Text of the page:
The first beneficiaries of the BA will be the 80,000 or so students at Alexandria University, whose library only has 250,000 works (Egypt’s national library has 1.5 million). Scholars from all over the Arab world could come to Alexandria instead of or before going to the United States or Britain. If the BA continues to attract the attention of foreigners in this way, it will play an important role.
By bringing back documents that were scattered through Western countries in the 19th century, the library will enable scholars to compare the manuscripts in Egypt with the copies that are being donated by foreign benefactors. An example is the manuscripts in the Escurial Palace in Spain, which are a crucial part of Arab heritage and copies of which have been made for the new library. The BA could also acquire more recent works which have been taken out of the Arab world. The superb lithographed books published in Fez, in Morocco, in the 1920s can up to now only be consulted at Harvard University, in the U.S., for example.

Support from international donors
The BA is due to be officially opened at the end of this year by President Mubarak, who will be running for a fourth term of office in October. Will his opponents criticize him for spending so much money on a fancy library when half the country’s adult population cannot read or write? Egypt is forking out almost two-thirds of the $172 million cost of the building itself. Proceeds from an international funding appeal, to which Arab countries have already generously contributed, will foot the rest of the bill.

Paradoxes of the Arab world
“Of course it’s expensive,” says El Ghatani, “but a library isn’t some kind of festival that ends after three days. It would have cost even more if we’d waited another 30 years to build it.” Its worth should be seen in terms of culture, not cash, and this, he believes, draws attention to one of the paradoxes of the Arab world. “The richest culture is in the poorest countries—I’m thinking of Yemen—and the richest states have the least interesting cultural material. The rulers of the rich states have built palaces in Lausanne and Geneva instead of libraries. But the age of the oil dollar is coming to an end. We have to return to more basic values,” he says.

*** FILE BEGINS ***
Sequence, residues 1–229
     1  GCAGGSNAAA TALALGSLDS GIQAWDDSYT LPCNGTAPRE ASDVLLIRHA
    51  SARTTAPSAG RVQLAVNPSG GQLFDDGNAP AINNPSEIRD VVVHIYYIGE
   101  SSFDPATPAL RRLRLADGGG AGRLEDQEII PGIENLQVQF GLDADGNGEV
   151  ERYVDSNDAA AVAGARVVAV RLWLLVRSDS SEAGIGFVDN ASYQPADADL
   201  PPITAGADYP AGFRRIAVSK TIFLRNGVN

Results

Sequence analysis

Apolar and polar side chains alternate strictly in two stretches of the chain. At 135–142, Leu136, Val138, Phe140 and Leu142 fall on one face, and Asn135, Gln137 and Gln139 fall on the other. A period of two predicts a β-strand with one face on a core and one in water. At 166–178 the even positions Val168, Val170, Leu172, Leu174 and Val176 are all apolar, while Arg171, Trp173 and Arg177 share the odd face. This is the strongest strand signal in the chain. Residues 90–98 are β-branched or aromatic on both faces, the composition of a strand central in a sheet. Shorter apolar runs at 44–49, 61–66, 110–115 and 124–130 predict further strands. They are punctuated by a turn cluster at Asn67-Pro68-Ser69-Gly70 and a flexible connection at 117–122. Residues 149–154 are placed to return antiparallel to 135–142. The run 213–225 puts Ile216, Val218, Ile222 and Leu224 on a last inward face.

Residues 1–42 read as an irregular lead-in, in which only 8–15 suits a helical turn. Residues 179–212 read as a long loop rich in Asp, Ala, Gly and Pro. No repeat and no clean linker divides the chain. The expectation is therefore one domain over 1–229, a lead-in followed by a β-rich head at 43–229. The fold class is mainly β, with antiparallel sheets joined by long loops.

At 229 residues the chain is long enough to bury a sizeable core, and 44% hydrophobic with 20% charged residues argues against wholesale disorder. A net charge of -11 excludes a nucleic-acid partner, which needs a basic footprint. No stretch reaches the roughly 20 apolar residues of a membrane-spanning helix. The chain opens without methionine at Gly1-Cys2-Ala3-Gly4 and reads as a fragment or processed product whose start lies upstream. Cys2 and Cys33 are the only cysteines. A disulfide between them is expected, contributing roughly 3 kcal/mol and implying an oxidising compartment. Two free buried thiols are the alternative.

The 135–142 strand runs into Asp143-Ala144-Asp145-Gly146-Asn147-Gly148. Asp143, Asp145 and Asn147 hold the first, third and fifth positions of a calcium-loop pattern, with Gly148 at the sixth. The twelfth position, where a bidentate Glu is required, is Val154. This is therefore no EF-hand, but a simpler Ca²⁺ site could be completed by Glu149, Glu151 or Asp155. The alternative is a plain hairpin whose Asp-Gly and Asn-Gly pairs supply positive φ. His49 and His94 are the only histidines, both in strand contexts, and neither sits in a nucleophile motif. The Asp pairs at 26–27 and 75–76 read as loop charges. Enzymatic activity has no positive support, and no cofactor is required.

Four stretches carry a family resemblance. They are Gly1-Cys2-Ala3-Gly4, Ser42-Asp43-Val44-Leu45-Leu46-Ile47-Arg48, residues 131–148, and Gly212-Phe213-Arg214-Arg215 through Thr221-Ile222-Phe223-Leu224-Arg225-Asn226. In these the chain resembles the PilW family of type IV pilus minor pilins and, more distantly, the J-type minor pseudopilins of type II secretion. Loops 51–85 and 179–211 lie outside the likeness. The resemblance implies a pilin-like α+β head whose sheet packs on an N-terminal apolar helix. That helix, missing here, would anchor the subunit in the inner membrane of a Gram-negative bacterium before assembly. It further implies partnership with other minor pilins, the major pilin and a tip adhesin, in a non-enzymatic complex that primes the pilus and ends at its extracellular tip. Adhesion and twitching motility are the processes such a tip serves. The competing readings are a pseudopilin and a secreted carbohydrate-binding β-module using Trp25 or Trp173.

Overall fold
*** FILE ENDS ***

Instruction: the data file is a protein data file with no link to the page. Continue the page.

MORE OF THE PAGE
Might the BA encourage democracy—a concept that originated in Greece—in Egypt and the rest of the region? “To build a democratic state,” says archaeologist Ahmed Ahdel Fattah, director-general of the Greco-Roman museum in Alexandria, “we need the tools of democracy, and knowledge is one of them. Democracy isn’t in such bad shape in Egypt, compared with some of its neighbours. This of course doesn’t stop us saying that we don’t have enough. Thank God I was born in Egypt. I couldn’t publish my writings in a lot of other Arab countries.